The down-home feel and sense of belonging when I come home is not exclusive to the South. Beachside villages and towns along the Atlantic seaboard from Sag Harbor, L.I. to Bar Harbor, Maine have been calling families back to the New England coast for generations. Clam bakes, oyster roasts and days spent on the water around weathered cottages remind me of days and nights along Gulf Coast beaches like the one that is framed by Highway 30-A.

Southerners have been flocking to South Walton for one hundred years. My own family has been going there now for over three decades. The tradition continues again this year as Kate and Jack celebrate their spring break from school along the same stretch of beach highway their parents did before the first Seaside cottage was built.

I have no doubt that a generation from now, their children will be slamming screen doors, gulping sweet tea and playing in the same snow-white sands.

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Nothing Ordinary About the Holy City’s New “Temple of Seafood”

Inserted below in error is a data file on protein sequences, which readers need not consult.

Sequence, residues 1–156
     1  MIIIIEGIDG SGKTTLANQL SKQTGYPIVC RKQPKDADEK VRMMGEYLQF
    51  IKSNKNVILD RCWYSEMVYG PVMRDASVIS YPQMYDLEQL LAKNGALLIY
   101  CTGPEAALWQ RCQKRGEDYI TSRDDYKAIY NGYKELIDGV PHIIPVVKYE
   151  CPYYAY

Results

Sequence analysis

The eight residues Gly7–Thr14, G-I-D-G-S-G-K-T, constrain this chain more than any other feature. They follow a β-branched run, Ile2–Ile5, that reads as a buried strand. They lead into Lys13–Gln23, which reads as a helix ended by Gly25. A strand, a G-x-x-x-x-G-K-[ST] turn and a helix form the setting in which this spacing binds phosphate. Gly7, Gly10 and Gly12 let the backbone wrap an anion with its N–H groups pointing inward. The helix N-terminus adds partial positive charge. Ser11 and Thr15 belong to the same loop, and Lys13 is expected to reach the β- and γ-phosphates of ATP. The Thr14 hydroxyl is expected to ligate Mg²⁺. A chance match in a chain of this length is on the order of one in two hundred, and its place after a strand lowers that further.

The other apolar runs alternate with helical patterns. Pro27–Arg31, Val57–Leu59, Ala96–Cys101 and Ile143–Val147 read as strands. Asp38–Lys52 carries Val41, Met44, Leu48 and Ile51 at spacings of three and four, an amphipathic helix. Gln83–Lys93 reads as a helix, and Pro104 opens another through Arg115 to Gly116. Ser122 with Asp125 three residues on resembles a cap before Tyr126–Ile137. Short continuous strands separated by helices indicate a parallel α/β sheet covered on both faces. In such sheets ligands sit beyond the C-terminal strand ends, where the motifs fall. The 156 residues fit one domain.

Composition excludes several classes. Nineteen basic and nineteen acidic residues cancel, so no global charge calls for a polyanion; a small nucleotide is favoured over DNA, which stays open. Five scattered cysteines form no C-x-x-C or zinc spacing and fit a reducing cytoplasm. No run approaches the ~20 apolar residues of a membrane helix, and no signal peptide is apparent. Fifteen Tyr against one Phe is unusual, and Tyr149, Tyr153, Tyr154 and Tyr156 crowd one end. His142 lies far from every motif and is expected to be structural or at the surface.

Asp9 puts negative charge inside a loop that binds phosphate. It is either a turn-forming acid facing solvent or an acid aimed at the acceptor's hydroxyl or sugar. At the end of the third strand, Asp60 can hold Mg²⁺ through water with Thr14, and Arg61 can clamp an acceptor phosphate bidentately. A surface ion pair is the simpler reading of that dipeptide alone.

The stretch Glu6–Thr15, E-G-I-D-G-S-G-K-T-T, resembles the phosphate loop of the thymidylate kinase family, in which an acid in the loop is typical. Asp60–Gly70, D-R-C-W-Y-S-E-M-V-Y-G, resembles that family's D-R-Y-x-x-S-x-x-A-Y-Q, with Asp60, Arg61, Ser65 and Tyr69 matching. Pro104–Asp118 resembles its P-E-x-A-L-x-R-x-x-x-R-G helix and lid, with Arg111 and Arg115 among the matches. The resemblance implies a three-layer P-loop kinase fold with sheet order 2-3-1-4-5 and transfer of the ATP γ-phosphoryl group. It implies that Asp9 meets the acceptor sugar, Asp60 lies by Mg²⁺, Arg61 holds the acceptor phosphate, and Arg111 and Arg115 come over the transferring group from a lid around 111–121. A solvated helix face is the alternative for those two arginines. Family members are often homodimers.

As I head to the Charleston Wine + Food Festival this weekend, it seems only fitting to pay homage to one of the Holy City’s most talented chefs, Mike Lata.

A few months ago, I was lucky enough to try Chef Lata’s latest culinary offering, The Ordinary. This Charleston restaurant stands as a shrine to the fresh and fabulous Lowcountry seafood. The James Beard award-winning chef partners with hometown fishermen to cultivate the  best tasting seafood in the region. Combine that with Lata’s creative and seasonal preparation and you are sure to enjoy one of the memorable dinners you have had in some time.

My fondness for Chef Lata is only increased by the fact that he is a true SXN’oreaster, with a food career that began in Martha’s Vineyard where he overcame his aversion to seafood. Lucky for us! Lata then took his passion for cooking and love of local food sources to the South where he created two great culinary establishments, FIG and The Ordinary.

You can discover more about Lata and The Ordinary in the latest issue of Departures Magazine.

Photography by Evelyn Laws.

Beasts of the Southern Wild

The Oscars have arrived and all the excitement and anticipation of Hollywood’s red-carpet event will be played out tonight.